The National Archives’ most requested photo features President Nixon standing beside one of the world’s most recognizable royals: the King of Rock n’ Roll. Is it genuine history, political commentary, a Photoshop spoof? Surreal but authentic, the black-and-white image shows President Nixon, wearing a full suit, shaking the hand of Elvis Presley, wearing … exactly what you’d expect.
If you’ve been to Graceland — or you watch Comedy Central’s Drunk History — you may know about the two figures’ bizarre encounter in 1970. Now, a lighthearted film titled Elvis & Nixon is exploring the story behind the meeting and the iconic photograph. The story centers around one unusual request: Elvis wants to become an undercover federal agent-at-large.
In the film, Presley (played by Michael Shannon) flies directly to the nation’s capital. Unannounced and without appointment, he drives to the White House’s North Gate at the crack of dawn. The secret service agents are stunned. Not only is Elvis standing in front of them at six in the morning, but he wants a meeting with Nixon (played by Kevin Spacey). Elvis has outlined everything in a six-page letter he wrote by hand on the plane.
As the letter makes its way through the White House, there’s understandable confusion among the staff. Is this a hoax? Do federal agents-at-large actually exist? If so, can Elvis become one?
Elvis snuck a gun into the Oval Office.
Elvis is able to meet President Nixon and state his case. The King of Rock n’ Roll explains that he wants the badge because he has deep concerns about America’s future. An army veteran himself, he worries about Vietnam War protests. He’s nervous about drug culture and lack of respect for the police. Elvis plans to use his celebrity to infiltrate communist youth groups and, with the help of a badge from the Bureau of Narcotics and Dangerous Drugs, bust drug users.
At least, that’s what he tells Nixon in the film.
It’s difficult to tell what Elvis really thought. In one interview, Kevin Spacey remarked that Elvis “was far more conservative than a lot of people might have expected.” That’s especially true by today’s standards. Early in the film he tells an associate not to tell a grown man “how to spend his money.” Throughout the film, we hear Elvis’s anti-communist views in lines such as, “Elvis couldn’t exist in a communist America.”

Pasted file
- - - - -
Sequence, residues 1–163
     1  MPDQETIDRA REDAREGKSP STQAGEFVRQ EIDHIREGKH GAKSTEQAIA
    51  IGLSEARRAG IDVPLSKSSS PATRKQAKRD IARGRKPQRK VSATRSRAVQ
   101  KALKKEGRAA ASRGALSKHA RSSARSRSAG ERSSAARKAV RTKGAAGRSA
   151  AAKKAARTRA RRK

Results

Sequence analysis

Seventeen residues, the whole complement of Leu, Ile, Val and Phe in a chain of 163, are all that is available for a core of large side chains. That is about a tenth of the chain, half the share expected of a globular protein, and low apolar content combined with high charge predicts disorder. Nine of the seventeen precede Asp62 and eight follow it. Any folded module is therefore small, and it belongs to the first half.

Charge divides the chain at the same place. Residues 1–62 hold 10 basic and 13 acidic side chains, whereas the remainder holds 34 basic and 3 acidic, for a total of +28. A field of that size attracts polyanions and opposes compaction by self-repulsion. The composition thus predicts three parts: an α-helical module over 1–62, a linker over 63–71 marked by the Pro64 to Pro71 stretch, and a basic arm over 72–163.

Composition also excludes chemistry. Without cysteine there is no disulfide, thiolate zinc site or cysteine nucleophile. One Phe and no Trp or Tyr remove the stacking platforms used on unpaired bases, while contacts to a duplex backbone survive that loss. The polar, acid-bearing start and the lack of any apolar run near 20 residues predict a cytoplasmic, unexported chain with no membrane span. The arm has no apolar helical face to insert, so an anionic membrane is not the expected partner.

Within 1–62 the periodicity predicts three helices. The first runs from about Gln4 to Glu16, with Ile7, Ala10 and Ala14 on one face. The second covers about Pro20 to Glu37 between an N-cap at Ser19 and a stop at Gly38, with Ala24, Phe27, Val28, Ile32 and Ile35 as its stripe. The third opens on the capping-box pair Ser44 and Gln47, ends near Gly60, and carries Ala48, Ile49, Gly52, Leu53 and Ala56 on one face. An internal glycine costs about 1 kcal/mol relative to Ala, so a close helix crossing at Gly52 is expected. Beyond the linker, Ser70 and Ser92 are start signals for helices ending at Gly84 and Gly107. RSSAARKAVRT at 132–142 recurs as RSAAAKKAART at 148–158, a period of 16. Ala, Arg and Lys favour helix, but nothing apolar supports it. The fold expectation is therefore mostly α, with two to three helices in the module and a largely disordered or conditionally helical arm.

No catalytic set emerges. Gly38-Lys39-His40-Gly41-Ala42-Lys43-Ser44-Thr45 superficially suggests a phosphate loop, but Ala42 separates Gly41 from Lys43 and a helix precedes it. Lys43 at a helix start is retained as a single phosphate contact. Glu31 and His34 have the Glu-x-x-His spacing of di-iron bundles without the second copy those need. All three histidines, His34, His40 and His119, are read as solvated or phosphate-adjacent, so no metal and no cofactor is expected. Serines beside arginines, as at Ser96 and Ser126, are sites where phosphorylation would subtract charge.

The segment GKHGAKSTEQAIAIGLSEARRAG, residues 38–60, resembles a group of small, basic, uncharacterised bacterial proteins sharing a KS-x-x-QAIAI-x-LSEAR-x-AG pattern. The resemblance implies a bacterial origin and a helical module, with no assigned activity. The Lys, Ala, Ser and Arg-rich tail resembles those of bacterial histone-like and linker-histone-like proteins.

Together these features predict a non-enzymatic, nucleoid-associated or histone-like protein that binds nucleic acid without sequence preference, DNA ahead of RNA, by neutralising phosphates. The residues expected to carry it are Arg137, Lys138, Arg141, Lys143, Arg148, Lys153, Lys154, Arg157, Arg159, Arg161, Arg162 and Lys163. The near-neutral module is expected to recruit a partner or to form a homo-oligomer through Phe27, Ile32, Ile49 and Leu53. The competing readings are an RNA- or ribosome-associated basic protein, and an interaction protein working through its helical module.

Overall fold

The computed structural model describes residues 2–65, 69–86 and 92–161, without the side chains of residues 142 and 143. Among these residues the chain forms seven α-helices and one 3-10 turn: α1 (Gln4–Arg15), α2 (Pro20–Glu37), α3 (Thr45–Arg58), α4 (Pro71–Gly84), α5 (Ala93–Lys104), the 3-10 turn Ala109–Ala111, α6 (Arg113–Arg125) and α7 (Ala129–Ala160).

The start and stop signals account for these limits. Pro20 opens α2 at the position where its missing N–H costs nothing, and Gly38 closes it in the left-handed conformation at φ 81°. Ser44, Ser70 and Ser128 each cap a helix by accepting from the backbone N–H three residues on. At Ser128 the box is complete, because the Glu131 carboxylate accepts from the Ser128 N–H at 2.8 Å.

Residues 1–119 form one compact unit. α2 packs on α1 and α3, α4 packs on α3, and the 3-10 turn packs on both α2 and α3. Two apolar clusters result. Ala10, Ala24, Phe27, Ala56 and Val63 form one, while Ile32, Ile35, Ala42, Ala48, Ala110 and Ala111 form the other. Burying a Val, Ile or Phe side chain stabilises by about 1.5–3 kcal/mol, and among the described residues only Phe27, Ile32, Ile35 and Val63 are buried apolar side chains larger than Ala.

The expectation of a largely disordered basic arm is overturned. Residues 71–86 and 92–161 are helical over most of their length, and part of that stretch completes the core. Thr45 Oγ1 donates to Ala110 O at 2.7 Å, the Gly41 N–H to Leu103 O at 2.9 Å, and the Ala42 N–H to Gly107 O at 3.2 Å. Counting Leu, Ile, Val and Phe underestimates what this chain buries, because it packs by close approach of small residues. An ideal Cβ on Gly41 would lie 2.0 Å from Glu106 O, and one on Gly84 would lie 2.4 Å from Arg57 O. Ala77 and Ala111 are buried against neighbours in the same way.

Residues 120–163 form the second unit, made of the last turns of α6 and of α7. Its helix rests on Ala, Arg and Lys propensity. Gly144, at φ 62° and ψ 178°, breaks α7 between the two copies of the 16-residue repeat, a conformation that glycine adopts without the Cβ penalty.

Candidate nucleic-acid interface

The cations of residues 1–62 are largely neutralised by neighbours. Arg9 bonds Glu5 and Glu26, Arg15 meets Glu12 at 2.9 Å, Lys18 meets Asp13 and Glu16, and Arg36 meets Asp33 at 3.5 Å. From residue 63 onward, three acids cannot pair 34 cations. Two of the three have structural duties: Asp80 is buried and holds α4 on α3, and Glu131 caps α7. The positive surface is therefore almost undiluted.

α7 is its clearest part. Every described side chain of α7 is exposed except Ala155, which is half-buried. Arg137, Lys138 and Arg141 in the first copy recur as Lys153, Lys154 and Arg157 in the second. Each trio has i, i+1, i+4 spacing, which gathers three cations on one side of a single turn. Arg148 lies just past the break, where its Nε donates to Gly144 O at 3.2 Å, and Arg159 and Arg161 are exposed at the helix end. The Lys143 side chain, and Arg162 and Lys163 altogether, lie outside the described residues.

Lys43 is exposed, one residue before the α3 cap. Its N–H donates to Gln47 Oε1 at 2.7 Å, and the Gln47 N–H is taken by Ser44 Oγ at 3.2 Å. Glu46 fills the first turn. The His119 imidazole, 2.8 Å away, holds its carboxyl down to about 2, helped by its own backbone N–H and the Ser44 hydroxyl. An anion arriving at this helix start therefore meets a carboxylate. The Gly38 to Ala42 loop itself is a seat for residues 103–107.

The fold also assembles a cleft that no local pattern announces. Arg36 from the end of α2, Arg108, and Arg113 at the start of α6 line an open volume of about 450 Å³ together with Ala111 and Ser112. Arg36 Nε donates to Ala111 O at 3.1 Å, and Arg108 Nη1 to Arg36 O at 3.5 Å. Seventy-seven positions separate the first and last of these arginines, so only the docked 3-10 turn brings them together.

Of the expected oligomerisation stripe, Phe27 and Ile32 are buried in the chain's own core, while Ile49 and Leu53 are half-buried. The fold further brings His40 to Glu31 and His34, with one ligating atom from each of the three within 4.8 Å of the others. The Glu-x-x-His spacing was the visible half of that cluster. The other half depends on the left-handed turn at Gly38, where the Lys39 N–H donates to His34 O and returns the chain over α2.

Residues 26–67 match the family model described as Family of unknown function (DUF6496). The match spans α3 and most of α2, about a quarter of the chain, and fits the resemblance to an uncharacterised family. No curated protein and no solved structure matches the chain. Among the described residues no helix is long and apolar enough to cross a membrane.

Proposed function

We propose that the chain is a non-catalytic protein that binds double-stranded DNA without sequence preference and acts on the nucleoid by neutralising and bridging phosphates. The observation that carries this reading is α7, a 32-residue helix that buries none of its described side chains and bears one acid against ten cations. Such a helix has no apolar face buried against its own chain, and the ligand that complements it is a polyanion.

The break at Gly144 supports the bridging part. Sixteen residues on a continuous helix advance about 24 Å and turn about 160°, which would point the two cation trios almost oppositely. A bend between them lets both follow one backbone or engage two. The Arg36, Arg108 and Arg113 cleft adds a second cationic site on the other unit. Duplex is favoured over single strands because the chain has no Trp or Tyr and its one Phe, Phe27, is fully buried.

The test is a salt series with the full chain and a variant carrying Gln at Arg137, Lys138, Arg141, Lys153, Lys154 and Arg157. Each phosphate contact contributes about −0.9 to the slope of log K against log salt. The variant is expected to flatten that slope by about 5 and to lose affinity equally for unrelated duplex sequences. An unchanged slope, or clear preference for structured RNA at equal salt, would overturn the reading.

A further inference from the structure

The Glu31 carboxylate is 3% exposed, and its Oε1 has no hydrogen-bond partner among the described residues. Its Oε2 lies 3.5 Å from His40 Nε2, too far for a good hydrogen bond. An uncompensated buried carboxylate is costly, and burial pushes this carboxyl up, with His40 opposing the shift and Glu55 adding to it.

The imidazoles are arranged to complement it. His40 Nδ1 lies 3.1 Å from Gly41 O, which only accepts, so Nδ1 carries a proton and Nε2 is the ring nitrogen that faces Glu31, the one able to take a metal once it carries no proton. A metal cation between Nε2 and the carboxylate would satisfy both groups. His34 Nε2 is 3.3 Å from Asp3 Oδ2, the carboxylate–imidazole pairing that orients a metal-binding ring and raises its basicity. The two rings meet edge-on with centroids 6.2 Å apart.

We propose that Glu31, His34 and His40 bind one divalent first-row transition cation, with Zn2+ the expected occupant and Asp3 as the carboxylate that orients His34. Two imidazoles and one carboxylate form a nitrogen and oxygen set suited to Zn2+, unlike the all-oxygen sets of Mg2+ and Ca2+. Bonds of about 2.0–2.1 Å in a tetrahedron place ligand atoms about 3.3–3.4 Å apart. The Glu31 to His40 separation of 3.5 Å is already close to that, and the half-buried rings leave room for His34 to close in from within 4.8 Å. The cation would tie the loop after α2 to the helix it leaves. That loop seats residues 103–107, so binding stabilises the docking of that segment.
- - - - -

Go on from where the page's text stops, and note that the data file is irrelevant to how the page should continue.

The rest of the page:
Yet, Elvis and Me, Priscilla Presley’s memoir, describes a different motivation — one we might consider far more savvy about the nature of government power. Elvis had accumulated numerous law enforcement badges from local authorities over time, but those local badges paled in comparison to the “ultimate power” of a “narc badge.”
“With the federal narcotics badge,” she wrote, Elvis believed that he “could legally enter any country both wearing guns and carrying any drugs he wished.”
The viewer watches Elvis and Nixon connect on several issues. But as Elvis departs, he privately tells his friend that he had to insult the Beatles, “but they’ll never know.” What else did Elvis say in hopes he would secure the badge?
Elvis is portrayed as an intelligent and unpredictable renegade who is not afraid to break the rules and question authority.
The film is so lighthearted and humorous, it is not only difficult to tell fact from fiction regarding both Elvis’s and Nixon’s perspectives; it’s hard to know what actually transpired in the Oval Office. At a Los Angeles screening, the film’s executive producer and personal friend of Elvis, Jerry Schilling, clarified that Elvis did not actually give Nixon a karate demonstration. But, he confirmed, itwas characteristic of Elvis’s personality, and Elvis had given karate demonstrations to other high-ranking officials, including the mayor of Memphis.
In any case, Elvis is portrayed as an intelligent and unpredictable renegade who is not afraid to break the rules and question authority. He travels without proper government identification. He sneaks a single firearm into the Oval Office — one the secret service missed after confiscating the many others on his person. And perhaps most rebelliously, he intentionally eats Nixon’s personal and off-limits stash of M&Ms. But in the end, Nixon still gives Elvis the badge, which you can see on display at Graceland today.
As Schilling describes the film, “It’s not ‘let’s make fun of Elvis and Nixon’; it’s ‘let’s have fun with Elvis and Nixon.’” This film isn’t perfect, but I certainly had fun watching it. Soon, you can, too, even if the film’s limited theatrical release hasn’t made it to your city. Elvis & Nixon is Amazon Studio’s first major film acquisition and should be available to stream on Amazon soon.
Lana Link is a FEE alumni board member and the VP of marketing for the Moving Picture Institute, which promotes freedom through film by creating original entertainment content and supporting filmmakers at all stages of their careers.